There is something mesmerizing about reflections that emerge between mirrors. As a kid I found they conjured realities where alternate versions of myself existed a la Alice Through the Looking Glass. This wasn’t just the realm of fantasy but also of theoretical physics. In college I was introduced to the concept of multiple infinities. There wasn’t just one infinity but layers that could be mathematically acted upon.

When I include McElheny’s Czech Modernism Mirrored and Reflected Infinitely in tours, visitors describe the display as sumptuous, enticing, lux. The work dazzles with layers of reflections receding into a silvery abyss. While the piece has an allure, I think the artist is going after something sinister; a feeling of objects and desires run amok.

McElheny recreates Czech decanters from the early 20th century and coats them with a reflective surface. They’re hermetically sealed in their own universe with a one-way mirror with no reflection out, creating abstractions as the objects echo off each other. This modernist period is a time where hand-crafted labor is being replaced by mass production. Objects of uniqueness are replaced with sameness. The reflected decanters become an apt metaphor for this shift in labor and consumption of objects, which continues today as goods are treated as easy throw-aways that keep amassing but never disappear.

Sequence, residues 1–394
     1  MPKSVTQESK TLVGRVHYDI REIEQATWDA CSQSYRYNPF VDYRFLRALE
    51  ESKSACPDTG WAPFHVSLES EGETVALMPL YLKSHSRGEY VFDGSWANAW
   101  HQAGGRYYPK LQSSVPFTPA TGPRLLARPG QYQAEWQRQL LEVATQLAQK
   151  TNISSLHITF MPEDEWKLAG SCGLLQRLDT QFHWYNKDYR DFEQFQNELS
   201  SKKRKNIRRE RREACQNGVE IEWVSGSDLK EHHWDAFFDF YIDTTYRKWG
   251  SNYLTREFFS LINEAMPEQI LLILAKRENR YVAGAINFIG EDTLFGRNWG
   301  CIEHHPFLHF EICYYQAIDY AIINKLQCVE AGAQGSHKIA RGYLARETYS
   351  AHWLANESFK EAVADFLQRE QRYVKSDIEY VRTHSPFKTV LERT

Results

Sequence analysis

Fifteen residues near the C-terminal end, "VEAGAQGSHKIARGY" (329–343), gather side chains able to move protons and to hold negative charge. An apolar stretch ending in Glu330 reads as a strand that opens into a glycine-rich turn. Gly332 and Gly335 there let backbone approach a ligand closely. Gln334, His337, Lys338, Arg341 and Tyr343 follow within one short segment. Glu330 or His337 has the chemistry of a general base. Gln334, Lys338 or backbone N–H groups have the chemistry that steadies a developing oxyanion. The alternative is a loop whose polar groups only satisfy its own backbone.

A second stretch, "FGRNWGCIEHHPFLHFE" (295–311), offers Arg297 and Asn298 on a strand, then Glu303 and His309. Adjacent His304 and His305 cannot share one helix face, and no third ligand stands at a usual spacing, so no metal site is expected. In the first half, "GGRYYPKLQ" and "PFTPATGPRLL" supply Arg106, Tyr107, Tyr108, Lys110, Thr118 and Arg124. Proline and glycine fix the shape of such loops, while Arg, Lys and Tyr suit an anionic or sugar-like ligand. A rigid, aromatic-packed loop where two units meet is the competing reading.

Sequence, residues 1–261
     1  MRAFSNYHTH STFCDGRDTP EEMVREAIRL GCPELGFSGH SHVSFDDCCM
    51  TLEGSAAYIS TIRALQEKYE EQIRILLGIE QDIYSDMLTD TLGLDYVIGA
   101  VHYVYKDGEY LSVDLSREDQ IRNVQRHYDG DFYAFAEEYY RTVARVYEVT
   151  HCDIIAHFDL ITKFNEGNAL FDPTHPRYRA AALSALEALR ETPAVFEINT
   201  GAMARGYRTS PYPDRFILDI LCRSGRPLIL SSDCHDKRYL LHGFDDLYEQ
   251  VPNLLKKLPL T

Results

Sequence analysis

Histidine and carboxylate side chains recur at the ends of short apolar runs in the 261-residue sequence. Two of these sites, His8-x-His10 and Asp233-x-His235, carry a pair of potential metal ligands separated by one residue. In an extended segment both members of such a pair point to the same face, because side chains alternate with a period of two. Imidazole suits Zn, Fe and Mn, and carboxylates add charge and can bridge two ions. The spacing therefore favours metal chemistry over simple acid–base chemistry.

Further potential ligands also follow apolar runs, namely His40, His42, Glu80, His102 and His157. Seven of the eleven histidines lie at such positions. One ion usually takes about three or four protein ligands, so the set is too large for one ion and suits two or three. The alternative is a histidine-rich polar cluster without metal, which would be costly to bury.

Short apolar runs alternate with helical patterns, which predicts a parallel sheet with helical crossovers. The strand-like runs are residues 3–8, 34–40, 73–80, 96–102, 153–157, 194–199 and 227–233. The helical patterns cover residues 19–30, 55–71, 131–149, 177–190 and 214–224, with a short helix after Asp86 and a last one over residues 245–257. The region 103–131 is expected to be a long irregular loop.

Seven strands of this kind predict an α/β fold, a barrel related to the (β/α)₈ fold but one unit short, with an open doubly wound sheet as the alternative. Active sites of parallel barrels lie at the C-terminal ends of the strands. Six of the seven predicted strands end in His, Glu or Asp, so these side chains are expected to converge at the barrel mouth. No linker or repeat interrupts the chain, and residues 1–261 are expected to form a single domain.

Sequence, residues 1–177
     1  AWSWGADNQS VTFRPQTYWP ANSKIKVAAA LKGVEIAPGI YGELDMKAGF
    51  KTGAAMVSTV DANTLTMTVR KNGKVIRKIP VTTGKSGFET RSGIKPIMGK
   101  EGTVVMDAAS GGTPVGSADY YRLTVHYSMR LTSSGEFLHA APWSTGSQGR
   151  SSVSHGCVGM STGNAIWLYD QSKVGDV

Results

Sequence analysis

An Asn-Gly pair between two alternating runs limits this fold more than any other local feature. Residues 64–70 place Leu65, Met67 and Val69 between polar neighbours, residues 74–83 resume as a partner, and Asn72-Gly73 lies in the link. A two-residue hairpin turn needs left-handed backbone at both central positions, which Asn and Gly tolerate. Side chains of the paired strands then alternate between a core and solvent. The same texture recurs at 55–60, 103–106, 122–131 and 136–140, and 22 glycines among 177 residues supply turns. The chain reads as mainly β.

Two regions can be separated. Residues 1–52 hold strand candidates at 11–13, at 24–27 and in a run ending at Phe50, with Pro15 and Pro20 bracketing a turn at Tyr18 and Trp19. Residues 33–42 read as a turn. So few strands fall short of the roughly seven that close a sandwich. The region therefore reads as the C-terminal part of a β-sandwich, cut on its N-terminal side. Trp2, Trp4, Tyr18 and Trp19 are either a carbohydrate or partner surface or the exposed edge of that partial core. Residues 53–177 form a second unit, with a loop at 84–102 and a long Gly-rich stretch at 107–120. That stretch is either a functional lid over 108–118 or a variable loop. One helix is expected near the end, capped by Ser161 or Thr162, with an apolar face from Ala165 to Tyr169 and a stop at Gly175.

McElheny draws viewers in with glass and mirrors that often parallel social conflict. In this work I’ve understood he is examining modernist thought about an alternate reality in which we reflect back on objects, thus creating such a world and asking us to enter. A visitor commented that our reality is like that already: not an actual mirrored reflection but one where beliefs are amplified back at us. I think of the Internet and social media, where content has run rampant, misinformed, and sometimes violent. This viewpoint has made me consider McElheney’s lush decanters, and the infinite, with a sense of things gone awry.


Bob Hall has been leading ICA tours since 2013. He works as a program manager for an informatics research program at the VA Healthcare system. While his focus is on big data during the day he likes to explore the right side of his brain with contemporary art, music, film, and theater.

Friday Art Notes are personal reflections on works of art shown or in the permanent collection of the ICA, written by ICA staff, volunteers, and supporters. Read more